He did not preach here all the time, but did the work of an Evangelist in the region round about. We have no means of knowing what portion of the time he preached in Barre; but we know he often took quite extensive missionary tours in the State and into other States. Probably he did not regard himself at any time as strictly the pastor of the society; but he gave it much of his labor, and contributed largely to its establishment and growth. He was a mau of fervent piety, and greatly beloved, not only in his own church, but by all who knew him. He died at the residence of his son, and his body was laid to rest in the rural graveyard, near his old home in the south-east part of the town.

Upon the stone which marks his grave we read this just tribute:

Rev. William Farwell
died December 11th 1823, in the 74th year of his age. He was a preacher of God's universal love, cheerful and friendly in life, faithful in his labors, and departed in hope of future life and immortality.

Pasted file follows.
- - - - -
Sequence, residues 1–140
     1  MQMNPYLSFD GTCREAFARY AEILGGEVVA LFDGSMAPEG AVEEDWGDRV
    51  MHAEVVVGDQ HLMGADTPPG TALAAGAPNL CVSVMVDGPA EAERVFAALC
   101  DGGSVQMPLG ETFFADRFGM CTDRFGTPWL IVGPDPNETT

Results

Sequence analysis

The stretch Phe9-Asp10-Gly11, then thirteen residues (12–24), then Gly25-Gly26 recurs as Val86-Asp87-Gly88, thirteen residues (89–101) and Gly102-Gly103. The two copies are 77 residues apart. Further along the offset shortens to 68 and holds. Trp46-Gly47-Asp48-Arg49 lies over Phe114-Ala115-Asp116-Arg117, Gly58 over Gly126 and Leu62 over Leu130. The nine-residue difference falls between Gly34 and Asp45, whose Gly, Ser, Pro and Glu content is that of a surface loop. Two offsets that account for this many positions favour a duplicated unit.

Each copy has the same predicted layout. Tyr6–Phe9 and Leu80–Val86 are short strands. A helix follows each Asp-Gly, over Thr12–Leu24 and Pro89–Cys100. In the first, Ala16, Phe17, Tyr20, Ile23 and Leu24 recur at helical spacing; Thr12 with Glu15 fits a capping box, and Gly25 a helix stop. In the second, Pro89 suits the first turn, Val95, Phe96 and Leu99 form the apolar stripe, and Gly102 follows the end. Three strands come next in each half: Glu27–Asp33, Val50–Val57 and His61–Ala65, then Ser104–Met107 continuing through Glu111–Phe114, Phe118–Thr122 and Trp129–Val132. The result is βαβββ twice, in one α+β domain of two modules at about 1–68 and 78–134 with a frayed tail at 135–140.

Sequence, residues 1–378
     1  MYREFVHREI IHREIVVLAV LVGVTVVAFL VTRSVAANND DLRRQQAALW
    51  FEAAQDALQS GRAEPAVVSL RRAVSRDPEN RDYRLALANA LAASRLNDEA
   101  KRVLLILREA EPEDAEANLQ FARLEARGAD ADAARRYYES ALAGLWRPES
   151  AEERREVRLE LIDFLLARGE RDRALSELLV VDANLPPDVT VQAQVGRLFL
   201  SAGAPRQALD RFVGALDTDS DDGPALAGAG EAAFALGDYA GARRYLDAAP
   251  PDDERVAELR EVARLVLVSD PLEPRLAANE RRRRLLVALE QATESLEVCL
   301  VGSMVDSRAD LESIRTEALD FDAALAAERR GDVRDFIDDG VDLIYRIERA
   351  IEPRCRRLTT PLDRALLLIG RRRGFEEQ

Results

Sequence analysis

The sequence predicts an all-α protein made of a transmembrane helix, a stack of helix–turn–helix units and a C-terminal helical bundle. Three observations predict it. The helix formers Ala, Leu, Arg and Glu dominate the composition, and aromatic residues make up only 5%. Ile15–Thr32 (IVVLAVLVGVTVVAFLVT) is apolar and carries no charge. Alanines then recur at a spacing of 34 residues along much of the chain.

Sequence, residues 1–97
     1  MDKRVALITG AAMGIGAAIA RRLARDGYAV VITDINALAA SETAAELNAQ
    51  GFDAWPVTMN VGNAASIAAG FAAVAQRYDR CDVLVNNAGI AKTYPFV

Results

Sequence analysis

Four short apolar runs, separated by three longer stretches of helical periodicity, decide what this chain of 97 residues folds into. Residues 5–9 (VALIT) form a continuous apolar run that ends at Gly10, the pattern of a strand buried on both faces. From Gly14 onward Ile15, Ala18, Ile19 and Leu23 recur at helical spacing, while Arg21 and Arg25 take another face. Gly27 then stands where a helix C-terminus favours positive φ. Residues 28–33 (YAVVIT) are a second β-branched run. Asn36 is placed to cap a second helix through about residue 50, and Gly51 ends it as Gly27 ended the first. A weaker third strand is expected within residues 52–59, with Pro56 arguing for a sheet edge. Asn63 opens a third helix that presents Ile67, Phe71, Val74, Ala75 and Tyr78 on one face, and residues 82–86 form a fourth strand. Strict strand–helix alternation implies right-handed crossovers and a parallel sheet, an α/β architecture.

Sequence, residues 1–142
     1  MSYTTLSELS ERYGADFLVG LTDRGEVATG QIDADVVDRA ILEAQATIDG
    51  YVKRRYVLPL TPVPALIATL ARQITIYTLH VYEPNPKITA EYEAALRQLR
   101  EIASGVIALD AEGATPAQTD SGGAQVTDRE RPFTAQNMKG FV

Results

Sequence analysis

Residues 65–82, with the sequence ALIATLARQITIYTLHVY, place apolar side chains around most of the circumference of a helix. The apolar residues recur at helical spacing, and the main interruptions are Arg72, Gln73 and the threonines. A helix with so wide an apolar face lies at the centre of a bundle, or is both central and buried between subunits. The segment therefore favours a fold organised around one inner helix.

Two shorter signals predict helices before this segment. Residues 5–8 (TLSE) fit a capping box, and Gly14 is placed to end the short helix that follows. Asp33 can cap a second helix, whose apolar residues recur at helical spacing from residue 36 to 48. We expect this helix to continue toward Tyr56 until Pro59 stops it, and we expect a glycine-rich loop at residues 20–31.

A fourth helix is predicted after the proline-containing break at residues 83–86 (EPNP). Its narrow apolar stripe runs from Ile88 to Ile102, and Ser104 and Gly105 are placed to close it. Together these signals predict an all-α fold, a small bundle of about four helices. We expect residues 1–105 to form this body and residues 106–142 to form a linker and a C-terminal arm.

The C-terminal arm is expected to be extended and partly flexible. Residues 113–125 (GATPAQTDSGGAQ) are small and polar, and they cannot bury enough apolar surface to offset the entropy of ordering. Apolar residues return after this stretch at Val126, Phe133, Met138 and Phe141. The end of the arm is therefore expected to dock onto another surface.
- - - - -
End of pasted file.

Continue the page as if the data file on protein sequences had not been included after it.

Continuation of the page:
In 1808, the Rev. Paul Dean moved to Barre, and became pastor of the society. He labored with it several years with great success. After his removal, it had no resident pastor until 1821; but was supplied by various clergymen a portion of the time.

In 1821, Rev. John E. Palmer was settled, and preached here statedly, a part of the time for 15 years. At that period in the history of our church, much missionary labor was demanded. Our preachers were few, and not many of them were permitted to give their undivided labors to the care of one church. Mr. Palmer was often called to other fields of labor, and the church in Barre had to seek frequent supplies by other preachers. Rev. Thomas Browning was regularly employed a quarter of the time for several years, thus releasing Mr. Palmer, and enabling him to comply with the numerous demands for his services. Other preachers were also frequently employed, under the ministry of Mr. Palmer and Mr. Browning. Against all these disadvantages, the church steadily increased in numbers, strength and spiritual life. Fathers Palmer and Browning still live, (1871) rejoicing for what has been done by their instrumentality, not only in Barre, but in many other fields which are now rich with harvests, grown from the seed which they sowed.

In 1822, the society built a substantial brick church at South Barre, in which it worshipped until 1852.